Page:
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Build better UX with a Trip.js web tour

Worried that visitors won’t discover all your cool features? Take them on a guided tour…

Screen shot 2014-11-17 at 15.13.53

If you’ve taken the time to carefully build your website to be user-friendly and include all the features that people will want to use, you could just leave people to find their own way around. But why stop there? Why not provide a tour of your website that quickly helps people to find the content or functionality they are looking for?

We know that a site should be self-explanatory, but sometimes adding a little extra help into the equation is not always a bad thing. Including a strong call to action on your webpage can make all the difference between success and failure. Plus, adding in extra assistance will entice a lot of users to stay. Curiousity will also play a part. If they have never seen a web tour they are almost guaranteed to stick around.

Studies have shown that simply asking people to telephone, share, like, follow etc significantly increases their likelihood of doing so. A web tour takes this idea one step further. It enables you to encourage your visitor to focus on the action that you want them to take. In the right hands, it’s a powerful tool – so use it with care.

What’s it for?

A web tour is a sequence of pop-ups, or tool tips, sometimes requiring interaction and intended to introduce a visitor to the content or functionality of a webpage. A great tour won’t make a poor page interesting so don’t bother adding a tour to a webpage that really just needs to be improved. One-page-style websites work well with web tours and this tutorial uses the free template developed by Carino Technologies and available from (

Where to start?

You’ll need to find a prominent place to put a button for people to trigger the tour. The tour will automatically scroll the page up or down to each of the page elements to which you assign a tour step. Trip.js by Taiwanese developer EragonJ provides the tour functionality and can be downloaded from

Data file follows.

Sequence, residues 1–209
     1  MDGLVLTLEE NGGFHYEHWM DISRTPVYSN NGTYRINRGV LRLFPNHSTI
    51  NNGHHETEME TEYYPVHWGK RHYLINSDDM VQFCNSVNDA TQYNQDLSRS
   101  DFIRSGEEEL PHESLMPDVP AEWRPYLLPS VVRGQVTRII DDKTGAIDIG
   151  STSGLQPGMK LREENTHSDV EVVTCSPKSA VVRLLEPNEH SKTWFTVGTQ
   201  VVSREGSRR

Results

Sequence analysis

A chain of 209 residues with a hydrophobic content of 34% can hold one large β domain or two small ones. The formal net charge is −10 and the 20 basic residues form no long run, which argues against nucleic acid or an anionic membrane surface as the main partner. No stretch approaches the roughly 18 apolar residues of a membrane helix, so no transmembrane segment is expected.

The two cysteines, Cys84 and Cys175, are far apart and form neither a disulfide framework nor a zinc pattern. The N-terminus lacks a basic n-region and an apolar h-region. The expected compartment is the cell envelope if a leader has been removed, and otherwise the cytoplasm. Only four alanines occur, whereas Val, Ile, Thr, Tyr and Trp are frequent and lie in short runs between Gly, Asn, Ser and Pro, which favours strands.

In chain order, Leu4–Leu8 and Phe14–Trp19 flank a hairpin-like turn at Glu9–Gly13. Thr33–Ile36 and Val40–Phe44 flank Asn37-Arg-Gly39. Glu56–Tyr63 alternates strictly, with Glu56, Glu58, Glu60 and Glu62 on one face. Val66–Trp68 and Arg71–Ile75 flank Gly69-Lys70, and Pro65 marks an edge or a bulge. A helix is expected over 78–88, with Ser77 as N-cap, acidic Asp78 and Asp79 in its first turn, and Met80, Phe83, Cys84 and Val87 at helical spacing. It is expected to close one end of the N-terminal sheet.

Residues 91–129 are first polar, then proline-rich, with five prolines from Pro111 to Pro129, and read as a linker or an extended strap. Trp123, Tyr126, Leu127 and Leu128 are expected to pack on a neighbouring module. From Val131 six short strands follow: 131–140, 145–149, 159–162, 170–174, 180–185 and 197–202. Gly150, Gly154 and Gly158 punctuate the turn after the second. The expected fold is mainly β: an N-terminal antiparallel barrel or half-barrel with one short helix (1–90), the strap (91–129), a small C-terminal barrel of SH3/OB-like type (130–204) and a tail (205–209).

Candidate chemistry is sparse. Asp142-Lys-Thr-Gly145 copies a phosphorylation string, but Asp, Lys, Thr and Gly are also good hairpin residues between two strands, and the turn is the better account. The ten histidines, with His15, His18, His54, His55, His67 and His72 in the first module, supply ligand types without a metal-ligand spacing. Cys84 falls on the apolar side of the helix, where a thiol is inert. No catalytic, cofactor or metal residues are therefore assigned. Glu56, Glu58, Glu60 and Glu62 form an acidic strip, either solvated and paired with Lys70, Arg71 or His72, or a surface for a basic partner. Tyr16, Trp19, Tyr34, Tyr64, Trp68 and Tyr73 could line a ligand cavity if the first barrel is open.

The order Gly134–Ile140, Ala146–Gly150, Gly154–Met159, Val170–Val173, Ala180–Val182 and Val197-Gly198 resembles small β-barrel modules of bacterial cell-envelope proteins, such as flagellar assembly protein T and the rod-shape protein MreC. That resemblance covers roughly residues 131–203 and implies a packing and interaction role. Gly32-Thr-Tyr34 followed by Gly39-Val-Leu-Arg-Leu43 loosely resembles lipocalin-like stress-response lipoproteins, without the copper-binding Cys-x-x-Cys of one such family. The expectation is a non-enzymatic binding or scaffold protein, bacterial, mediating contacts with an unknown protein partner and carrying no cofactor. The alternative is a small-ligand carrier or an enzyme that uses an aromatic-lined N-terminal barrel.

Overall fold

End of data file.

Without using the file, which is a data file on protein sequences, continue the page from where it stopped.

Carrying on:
Integrate the plugin

First a link to the plugin’s style sheet is added to the head of the HTML. Then, at the bottom of the page just before the closing </body> tag, trip.js and trip-demo.js are called. Trip.js provides the core functionality and trip-demo.js is where you provide the tour content and configure its functionality.

001    <link type=”text/css” rel=”
stylesheet” href=”src/trip.min.css”>
002    <script type=”text/javascript” src=”src/
003    <script type=”text/javascript” src=”js/

Keep it simple

The work required now should be straightforward but the tutorial site comprises a large number of files to provide a site that’s rich enough to be worthy of a tour and it’s easy to get in a mess working on several aspects simultaneously. Focus on building your page first and then if you feel it might benefit from a tour, that can be added later.

Planning the tour

Your tour needs to have a purpose if it is to be worthwhile for visitors. In this fictitious example the visitor is guided through the different parts of the site and then directed to the credit card button. It’s helpful if you think of the tour like a story and having a beginning, a middle and an end.

Setting up the tour

The trip-demo.js file is used for configuring each of the tour steps and the overall plugin functionality. First, a check is made to ensure the DOM is fully loaded. A variable array is then created for each of the steps. The position of the tooltip is set as n=north, e=east, s=south, w=west. You can also use nw, sw etc, and these locations are all relative to the element that has the step’s class added to it.

001     $(document).ready(function() {
002        var trip = new Trip([
003            {
004                sel : $(‘.demo-index.step1’),
005                position : ‘n’,